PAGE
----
Journal Article, February 2020 Do statins wreak havoc on tendons and muscles?

February, 2020 Do statins wreak havoc on muscle and tendons?

Taylor BA and Thompson PD Statin-Associated Muscle Disease: Advances in Diagnosis and Management.  Neurotherapeutics. 2018 Oct;15(4):1006-1017.  FREE FULL TEXT

Elisson P et al: Statin treatment increases the clinical risk of tendinopathy through matrix metalloproteinase release – a cohort study design combined with an experimental study. Sci Rep. 2019; 9:17958  FREE FULL TEXT

Contractor T et al: Is Statin Use Associated With Tendon Rupture? A Population-Based Retrospective Cohort Analysis. Am J Ther. 2015;22:377-81 ABSTRACT

Have you had a patient who complained of generalized muscle aching, weakness, cramping, triggering, shoulder tendinopathy, or tendon rupture that could not be easily explained? Were they taking a statin? Are the patient’s symptoms and statin usage associated?

Statins are a class of cholesterol-lowering drugs that are life-saving in the prevention and treatment of cardiovascular disease. Commonly prescribed statins include atorvastatin (Lipitor), fluvastatin (Lescol), lovastatin (Mevacor, Altocor), pravastatin (Pravachol), pitavastatin (Livalo), simvastatin (Zocor), and rosuvastatin (Crestor). Not all patients tolerate these drugs, and statin intolerance is often associated with a range of tendon/muscle side effects.

In preparation for the talk on Tendinopathy at the recent session of Doctors Demystify Tendons and Muscles in Los Angeles, I reviewed the results of three recent papers that seem to answer the questions posed in the first paragraph. Of course, no hand surgeon or therapist is going to prescribe statins or advise their discontinuance, but all of us should be aware of symptoms possibly caused by their use and advise affected patients to follow-up with their internist or cardiologist.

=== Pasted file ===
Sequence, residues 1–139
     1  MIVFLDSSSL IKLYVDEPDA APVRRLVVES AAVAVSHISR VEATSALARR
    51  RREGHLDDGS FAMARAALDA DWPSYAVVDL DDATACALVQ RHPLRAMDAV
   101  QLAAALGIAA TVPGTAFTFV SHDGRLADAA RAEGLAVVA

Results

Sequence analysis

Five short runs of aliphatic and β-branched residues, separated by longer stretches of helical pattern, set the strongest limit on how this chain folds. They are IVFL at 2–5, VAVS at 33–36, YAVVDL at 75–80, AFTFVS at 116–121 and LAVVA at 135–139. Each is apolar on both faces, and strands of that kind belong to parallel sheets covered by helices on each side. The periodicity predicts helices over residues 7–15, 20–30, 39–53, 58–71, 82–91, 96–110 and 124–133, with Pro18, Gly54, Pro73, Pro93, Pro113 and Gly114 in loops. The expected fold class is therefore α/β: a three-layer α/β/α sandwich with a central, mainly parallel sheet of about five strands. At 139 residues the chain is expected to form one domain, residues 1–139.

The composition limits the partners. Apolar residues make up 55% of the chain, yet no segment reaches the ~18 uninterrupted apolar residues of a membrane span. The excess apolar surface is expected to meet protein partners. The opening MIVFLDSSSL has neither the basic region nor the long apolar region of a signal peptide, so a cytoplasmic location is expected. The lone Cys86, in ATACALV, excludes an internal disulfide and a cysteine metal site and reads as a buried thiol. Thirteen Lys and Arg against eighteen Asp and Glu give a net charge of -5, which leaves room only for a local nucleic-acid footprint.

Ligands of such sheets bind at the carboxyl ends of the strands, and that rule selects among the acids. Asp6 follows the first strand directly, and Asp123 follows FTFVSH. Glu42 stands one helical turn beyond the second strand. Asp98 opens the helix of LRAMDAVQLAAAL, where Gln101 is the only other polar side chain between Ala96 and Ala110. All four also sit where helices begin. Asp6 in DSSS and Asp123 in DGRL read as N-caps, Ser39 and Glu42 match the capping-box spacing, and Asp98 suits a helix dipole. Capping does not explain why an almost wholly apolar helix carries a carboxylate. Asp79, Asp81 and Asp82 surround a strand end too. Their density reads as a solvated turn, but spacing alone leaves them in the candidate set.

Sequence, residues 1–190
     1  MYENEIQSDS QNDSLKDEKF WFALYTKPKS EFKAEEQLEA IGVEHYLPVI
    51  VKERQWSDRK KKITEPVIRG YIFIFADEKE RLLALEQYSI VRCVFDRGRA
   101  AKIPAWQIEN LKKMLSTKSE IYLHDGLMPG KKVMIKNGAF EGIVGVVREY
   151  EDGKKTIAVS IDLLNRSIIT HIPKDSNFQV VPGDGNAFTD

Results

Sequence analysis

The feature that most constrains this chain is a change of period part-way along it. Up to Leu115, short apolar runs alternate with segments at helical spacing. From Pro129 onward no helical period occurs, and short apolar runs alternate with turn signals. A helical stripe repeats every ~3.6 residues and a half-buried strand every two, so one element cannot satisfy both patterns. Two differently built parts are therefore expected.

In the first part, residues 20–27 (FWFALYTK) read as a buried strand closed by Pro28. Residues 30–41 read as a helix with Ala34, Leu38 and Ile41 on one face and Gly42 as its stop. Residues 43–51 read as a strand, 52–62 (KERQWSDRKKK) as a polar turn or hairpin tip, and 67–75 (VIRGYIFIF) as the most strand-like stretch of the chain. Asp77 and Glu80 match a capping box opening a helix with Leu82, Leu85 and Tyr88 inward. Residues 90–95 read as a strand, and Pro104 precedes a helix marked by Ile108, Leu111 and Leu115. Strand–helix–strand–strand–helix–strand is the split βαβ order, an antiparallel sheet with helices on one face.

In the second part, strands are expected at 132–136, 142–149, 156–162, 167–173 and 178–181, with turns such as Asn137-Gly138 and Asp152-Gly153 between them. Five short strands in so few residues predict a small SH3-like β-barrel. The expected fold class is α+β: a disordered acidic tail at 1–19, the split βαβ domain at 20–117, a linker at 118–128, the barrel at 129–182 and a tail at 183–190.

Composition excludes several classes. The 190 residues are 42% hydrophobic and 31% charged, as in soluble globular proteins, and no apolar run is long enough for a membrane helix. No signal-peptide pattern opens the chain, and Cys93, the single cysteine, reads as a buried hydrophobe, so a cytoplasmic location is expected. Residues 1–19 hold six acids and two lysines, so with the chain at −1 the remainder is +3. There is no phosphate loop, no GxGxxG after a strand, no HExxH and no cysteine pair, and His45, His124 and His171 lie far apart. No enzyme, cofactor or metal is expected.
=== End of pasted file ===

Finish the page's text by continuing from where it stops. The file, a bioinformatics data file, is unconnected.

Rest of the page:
Let’s start with SAMS—Statin-Associated Muscle Disease. It is said to occur anywhere from less than 1% to more than 20% of patients taking a statin. If that is sufficiently nonspecific, so are the symptoms. Muscle weakness and aching are usually bilateral and affect large muscles: thighs, buttocks, back, and shoulders. Cramping, however, is usually unilateral and typically affects the small muscles of the hands and feet. Two randomized, blinded, prospective studies included a total of 592 patients. Both studies were cross-over studies; in other words, one group received placebo while the other group received a statin. Then a period of no treatment was followed by the patients previously receiving the placebo getting the statin, and vice versa. Nobody knew until the study was entirely over who was getting what when. Combining the results from the two studies, 43% of subjects taking statin had SAMS, but 28% of subjects on placebo also had SAMS symptoms. Eighteen percent of subjects did not have SAMS with either placebo or statin, and 12% had SAMS on both placebo and statin. Go figure! No wonder the incidence of SAMS has been reported ranging between <1% and >20%.

Taylor and Thomson do offer a scoring system to assess the likelihood of a patient’s symptoms being related to SAMS. High correlation is related to symptoms in the hip flexors that started shortly after statin administration, went away quickly after withdrawal, and returned promptly on resumption of statin use. Bottom line for thorough hand surgeons and therapists: ask about statin use for patients complaining of muscle aching, weakness, and cramps.

Eliasson et al recently reported on the purported association between statin use and trigger finger or shoulder tendinopathy. They compared about 52,000 never-users with 37,000 users, either currently or formally. The results are summarized in the figure. Except for men who had formerly used statins, there was a positive correlation between statin use and both trigger finger and shoulder tendinopathy. Bottom line for informed hand surgeons and therapists: for patients with multiple trigger fingers with or without shoulder tendinopathy, ask about statin use.

Finally, Contractor et al looked for the incidence of tendon ruptures in almost 35,000 patients taking statins and over 69,000 controls. A year later, Thompson et al reported on 800,000 patients. Neither study found any relationship between statin use and tendon rupture.  Thompson et al concluded, “Any possible relationship between tendon pathology and statin use is largely anecdotal and speculative.” Nonetheless, bottom line for astute hand surgeons and hand therapists: ask about statin use.

Learn all what’s current about tendons and muscles this year in a city near you: DD Tendons and Muscles for OTs and PTs.